The treatment of acoustic neuromas (AN) usually involves surgical excision or stereotactic radiosurgery. However, for large AN (mean diameter > 3 cm), stereotactic radiosurgery is rarely used, leaving patients with limited noninvasive treatment options. Recently, the use of fractionated stereotactic radiotherapy (FSRT) has been effective in treating small to medium-sized AN. We present a patient with a large AN treated with FSRT. The patient was a 43-year-old man presenting with imbalance, tinnitus, vertigo, and right-sided hearing decline associated with vomiting and hydrocephalus. Magnetic resonance (MR) imaging revealed a large, 3.8-cm, right cerebellopontine-angle tumor compressing the fourth ventricle. Following right frontal ventriculoperitoneal shunt placement, the patient underwent FSRT for treatment of the tumor. Using the Radionics X-Knife 4.0 3D treatment planning system, a total of 54 Gy was delivered in 1.8-Gy daily fractions with the prescription isodose line of 90%. Treatments were delivered using a dedicated Varian 6/100 linear accelerator, and head immobilization was achieved with the Gill-Thomas-Cosman relocatable stereotactic frame. The patient was subsequently evaluated with serial contrast-enhanced MR imaging. Following FSRT, local control (defined as the absence of tumor progression) was achieved, and treatment was well tolerated. There was no hearing-related, trigeminal, or facial-nerve morbidity following FSRT at 63-month follow-up. Treating a patient with a large AN with FSRT resulted in local tumor control, with no trigeminal nerve, facial nerve, or hearing-related morbidity. These results support FSRT as a potential noninvasive treatment modality for AN some would consider too large for single-fraction stereotactic radiosurgery (SRS).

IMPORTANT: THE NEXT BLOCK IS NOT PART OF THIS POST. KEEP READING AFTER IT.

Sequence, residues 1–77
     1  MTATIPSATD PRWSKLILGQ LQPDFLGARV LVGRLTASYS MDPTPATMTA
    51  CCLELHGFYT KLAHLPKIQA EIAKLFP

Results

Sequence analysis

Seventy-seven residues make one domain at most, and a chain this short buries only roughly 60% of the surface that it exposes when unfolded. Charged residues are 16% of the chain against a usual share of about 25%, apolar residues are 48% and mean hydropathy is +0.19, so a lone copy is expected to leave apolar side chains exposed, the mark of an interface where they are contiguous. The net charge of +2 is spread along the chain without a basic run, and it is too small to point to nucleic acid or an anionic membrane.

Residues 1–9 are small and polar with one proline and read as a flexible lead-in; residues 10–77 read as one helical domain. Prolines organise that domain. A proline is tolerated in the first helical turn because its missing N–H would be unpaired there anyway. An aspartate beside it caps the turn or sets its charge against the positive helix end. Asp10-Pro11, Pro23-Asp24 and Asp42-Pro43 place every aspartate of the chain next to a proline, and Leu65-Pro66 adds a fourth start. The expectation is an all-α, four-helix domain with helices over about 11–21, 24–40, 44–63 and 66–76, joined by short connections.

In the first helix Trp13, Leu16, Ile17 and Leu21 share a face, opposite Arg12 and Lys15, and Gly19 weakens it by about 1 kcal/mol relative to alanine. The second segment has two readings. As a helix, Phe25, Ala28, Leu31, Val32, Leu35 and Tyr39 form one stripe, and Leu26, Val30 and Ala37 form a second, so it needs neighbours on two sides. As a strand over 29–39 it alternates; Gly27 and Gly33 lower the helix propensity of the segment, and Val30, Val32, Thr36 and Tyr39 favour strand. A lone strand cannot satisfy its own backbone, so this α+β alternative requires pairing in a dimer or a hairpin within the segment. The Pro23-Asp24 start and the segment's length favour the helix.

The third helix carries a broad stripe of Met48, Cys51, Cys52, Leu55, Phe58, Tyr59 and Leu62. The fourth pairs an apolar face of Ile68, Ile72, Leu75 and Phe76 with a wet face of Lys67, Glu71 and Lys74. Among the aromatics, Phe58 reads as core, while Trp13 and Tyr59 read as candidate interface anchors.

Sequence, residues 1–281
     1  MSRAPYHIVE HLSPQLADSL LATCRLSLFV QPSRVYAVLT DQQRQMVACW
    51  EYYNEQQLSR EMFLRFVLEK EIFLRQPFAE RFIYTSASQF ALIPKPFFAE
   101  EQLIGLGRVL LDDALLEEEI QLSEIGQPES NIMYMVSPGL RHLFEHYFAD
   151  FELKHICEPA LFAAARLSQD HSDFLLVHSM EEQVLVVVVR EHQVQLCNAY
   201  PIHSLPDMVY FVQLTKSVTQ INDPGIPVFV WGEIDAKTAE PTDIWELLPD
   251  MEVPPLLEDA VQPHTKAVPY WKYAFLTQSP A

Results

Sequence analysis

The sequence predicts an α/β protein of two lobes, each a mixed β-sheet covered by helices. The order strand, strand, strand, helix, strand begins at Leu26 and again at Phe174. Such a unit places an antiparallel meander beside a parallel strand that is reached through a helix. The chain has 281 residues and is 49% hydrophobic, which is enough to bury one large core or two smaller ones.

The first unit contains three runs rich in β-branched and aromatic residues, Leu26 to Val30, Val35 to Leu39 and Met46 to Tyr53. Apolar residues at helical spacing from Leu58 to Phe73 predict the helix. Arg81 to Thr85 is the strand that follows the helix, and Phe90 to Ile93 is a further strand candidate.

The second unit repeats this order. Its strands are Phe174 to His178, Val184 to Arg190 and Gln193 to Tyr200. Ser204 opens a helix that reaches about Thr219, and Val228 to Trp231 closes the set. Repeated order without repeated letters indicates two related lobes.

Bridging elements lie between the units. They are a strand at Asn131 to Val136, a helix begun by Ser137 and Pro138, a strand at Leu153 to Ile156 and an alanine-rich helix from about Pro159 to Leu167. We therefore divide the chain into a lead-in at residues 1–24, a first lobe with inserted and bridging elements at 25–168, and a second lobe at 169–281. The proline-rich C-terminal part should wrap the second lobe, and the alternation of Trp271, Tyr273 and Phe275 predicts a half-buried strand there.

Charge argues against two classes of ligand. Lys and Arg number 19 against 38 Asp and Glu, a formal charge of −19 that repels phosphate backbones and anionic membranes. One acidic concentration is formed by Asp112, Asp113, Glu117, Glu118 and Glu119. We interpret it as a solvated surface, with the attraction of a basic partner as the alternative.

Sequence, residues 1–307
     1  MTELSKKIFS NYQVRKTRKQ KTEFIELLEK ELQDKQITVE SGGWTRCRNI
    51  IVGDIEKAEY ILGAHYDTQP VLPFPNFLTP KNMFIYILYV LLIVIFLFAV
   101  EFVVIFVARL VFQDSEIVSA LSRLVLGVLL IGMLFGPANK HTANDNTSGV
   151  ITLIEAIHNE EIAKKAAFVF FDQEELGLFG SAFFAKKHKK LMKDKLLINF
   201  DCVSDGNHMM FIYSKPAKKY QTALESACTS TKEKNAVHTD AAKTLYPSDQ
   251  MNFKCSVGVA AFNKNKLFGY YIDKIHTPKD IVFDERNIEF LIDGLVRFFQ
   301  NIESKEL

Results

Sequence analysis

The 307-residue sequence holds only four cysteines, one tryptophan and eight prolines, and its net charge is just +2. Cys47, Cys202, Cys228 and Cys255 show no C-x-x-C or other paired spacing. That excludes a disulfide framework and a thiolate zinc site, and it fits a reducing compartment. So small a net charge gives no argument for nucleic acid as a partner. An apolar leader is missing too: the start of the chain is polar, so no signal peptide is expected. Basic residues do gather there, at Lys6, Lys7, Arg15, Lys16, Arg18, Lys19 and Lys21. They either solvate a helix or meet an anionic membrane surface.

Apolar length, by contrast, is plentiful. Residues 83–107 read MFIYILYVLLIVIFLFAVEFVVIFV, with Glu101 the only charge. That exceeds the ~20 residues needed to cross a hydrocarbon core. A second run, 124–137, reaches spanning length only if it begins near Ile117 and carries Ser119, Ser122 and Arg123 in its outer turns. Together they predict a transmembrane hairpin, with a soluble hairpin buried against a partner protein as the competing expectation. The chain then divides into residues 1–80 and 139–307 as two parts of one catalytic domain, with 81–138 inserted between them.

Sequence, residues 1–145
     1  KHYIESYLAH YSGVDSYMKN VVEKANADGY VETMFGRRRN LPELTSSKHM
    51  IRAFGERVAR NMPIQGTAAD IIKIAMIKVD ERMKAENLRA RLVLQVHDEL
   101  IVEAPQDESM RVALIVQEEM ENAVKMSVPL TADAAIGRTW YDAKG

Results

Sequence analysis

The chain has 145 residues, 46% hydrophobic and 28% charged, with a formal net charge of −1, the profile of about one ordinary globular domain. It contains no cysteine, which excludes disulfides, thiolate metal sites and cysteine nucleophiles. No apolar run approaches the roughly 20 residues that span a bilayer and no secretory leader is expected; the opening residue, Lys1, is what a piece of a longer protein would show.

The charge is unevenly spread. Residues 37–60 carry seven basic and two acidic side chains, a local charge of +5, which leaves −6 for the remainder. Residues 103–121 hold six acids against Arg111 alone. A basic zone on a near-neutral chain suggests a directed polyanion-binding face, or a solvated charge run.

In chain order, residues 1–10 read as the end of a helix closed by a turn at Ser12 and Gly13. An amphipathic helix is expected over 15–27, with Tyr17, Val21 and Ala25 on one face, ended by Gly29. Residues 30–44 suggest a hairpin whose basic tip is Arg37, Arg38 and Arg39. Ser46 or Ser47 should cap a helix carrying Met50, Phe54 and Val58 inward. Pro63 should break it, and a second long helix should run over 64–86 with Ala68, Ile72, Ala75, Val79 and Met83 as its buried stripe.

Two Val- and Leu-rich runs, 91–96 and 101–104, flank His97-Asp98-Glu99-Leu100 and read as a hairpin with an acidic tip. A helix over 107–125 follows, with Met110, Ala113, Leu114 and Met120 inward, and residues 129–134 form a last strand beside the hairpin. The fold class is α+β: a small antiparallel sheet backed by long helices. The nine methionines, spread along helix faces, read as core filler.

- Acoustic neuroma
- Fractionated stereotactic radiotherapy
- Tumor size